With the launch of the new Windows Live portal at http://www.live.com, the term “live” is omnipresent in Microsoft sites—even the Passport ID service has been renamed Windows Live ID. The Windows Live portal itself is full of Ajax, being one of the first Atlas-enabled web applications to use Gadgets, which are self-contained components that users can add to their Windows Live portal. Examples of Gadgets are a weather map, a stock-price feed, a sports summary, and so on. Windows Live is one site that can host Gadgets; http://Start.com is another.
There are several gadgets available at http://microsoftgadgets.com (there’s a whole gallery of them at http://microsoftgadgets.com/Gallery), and using Atlas, you can create your own Gadgets. You can add your Gadget to your own Windows Live home page, and you can make your Gadget available to other Windows Live users as well.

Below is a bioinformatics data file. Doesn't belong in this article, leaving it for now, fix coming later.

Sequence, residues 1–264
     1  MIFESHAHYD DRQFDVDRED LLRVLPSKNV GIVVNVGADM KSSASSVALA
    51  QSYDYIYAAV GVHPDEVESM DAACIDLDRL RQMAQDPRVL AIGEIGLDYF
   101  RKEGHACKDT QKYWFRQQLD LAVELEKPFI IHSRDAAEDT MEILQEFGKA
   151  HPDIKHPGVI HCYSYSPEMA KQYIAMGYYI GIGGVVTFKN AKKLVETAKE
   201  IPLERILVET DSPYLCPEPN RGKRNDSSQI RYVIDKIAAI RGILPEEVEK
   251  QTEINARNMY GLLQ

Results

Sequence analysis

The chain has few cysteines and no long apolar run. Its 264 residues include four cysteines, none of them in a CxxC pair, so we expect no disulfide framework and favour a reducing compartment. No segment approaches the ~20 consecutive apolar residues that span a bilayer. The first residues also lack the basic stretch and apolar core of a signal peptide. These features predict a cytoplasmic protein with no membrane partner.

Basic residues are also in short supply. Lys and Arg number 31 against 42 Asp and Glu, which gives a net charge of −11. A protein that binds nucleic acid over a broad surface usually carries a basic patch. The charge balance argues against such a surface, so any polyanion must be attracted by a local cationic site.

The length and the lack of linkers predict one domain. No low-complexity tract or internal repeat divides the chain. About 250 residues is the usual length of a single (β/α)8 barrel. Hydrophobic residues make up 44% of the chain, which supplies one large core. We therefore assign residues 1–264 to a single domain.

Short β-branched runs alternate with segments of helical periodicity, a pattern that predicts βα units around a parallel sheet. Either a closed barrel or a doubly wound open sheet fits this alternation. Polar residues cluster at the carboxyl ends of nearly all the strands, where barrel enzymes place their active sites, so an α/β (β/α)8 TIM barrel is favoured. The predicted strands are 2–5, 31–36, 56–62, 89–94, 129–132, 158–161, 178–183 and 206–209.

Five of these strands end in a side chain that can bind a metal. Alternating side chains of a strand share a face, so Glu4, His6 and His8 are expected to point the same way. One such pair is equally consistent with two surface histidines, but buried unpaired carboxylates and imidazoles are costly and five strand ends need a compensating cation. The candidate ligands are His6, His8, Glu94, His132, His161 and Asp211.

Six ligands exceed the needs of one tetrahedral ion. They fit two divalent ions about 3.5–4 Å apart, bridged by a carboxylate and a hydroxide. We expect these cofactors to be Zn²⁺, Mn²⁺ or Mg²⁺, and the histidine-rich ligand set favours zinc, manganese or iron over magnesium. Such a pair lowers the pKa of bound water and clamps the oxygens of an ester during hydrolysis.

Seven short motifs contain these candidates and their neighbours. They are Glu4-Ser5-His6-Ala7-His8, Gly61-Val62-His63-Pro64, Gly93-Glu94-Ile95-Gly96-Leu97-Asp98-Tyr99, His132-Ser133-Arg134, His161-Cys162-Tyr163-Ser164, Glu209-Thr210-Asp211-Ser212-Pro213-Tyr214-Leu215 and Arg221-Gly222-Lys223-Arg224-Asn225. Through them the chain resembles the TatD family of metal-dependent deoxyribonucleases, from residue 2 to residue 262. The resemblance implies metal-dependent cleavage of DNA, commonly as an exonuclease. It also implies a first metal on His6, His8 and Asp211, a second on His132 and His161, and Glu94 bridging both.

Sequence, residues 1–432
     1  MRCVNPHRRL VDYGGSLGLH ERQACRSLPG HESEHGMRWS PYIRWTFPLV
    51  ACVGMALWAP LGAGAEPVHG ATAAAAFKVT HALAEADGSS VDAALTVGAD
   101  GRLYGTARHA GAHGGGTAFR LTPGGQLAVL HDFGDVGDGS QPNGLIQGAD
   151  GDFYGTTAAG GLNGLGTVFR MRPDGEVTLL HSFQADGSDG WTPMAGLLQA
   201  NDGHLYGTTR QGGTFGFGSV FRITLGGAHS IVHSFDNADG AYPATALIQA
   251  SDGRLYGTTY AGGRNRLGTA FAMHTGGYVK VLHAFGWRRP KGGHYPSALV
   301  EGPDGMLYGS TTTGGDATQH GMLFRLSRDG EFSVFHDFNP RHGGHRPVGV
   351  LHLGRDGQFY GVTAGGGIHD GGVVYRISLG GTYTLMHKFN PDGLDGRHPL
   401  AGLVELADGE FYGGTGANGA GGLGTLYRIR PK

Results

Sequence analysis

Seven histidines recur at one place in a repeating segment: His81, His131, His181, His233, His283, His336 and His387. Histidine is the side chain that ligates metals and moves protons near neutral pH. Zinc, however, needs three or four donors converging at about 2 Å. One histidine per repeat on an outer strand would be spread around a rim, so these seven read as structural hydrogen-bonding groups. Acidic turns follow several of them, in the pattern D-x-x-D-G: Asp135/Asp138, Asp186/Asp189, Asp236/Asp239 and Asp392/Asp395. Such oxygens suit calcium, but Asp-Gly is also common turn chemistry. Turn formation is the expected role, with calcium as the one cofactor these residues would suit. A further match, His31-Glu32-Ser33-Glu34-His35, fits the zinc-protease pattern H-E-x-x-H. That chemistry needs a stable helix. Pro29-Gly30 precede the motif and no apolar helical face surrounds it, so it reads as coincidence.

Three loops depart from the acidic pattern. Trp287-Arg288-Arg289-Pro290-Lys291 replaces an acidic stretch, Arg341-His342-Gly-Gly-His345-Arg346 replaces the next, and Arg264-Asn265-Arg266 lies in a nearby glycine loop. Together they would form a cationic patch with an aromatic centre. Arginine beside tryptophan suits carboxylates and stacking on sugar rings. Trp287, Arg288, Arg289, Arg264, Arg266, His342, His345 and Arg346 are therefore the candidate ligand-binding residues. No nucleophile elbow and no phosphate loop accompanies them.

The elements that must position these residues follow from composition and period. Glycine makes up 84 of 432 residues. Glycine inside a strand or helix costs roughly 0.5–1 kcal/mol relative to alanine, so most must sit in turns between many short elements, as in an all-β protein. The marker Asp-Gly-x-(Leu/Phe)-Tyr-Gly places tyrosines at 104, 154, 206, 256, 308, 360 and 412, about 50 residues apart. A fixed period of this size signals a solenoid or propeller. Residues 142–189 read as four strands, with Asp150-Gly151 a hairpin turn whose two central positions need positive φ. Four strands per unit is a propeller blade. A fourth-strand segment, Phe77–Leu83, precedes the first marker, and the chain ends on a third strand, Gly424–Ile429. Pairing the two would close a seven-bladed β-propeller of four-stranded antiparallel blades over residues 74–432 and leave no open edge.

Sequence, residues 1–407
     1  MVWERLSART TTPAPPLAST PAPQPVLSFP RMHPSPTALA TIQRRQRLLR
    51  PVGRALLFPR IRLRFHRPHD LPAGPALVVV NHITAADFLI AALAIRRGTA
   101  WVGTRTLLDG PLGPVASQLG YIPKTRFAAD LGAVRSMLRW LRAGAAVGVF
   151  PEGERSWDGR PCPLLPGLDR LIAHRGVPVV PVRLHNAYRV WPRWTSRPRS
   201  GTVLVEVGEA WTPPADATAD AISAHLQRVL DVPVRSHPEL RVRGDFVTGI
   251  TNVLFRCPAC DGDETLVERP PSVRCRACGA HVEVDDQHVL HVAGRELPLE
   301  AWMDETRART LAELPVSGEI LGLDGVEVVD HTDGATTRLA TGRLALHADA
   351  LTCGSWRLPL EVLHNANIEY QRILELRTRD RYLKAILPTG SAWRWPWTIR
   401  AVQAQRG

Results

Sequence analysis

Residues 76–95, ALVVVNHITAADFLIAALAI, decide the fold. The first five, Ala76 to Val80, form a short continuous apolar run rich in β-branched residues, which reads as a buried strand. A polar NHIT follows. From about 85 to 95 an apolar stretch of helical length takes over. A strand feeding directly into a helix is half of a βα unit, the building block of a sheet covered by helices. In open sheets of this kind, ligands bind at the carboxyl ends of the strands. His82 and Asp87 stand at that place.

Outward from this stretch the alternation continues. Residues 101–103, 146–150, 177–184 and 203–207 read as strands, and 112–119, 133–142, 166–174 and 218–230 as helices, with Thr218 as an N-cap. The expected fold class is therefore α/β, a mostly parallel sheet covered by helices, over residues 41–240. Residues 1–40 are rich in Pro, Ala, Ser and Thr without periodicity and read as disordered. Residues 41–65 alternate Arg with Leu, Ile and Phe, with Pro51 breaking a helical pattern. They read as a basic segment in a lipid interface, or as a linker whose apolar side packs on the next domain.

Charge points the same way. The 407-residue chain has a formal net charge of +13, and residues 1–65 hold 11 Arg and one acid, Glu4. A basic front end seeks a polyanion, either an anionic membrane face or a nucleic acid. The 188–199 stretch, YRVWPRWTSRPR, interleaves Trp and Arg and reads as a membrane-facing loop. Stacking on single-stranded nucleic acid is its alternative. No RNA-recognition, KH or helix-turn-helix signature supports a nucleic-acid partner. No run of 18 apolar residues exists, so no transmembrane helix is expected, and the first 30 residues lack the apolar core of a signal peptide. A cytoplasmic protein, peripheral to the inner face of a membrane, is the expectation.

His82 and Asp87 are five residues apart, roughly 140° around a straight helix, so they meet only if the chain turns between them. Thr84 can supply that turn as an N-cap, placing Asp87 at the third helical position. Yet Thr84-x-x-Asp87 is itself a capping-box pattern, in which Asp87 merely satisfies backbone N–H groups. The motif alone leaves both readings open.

In this section, we will create a simple Gadget and show how to incorporate this in your (or someone’s) customized home page at http://Live.com. For the Gadget, we reuse the Timer Atlas control from Chapter 1 to print out the current time, once per second. This small component will then be used on http://Live.com.
The main differences between creating a Gadget and “ordinary” Atlas controls are that the content of the Gadget must be contained within an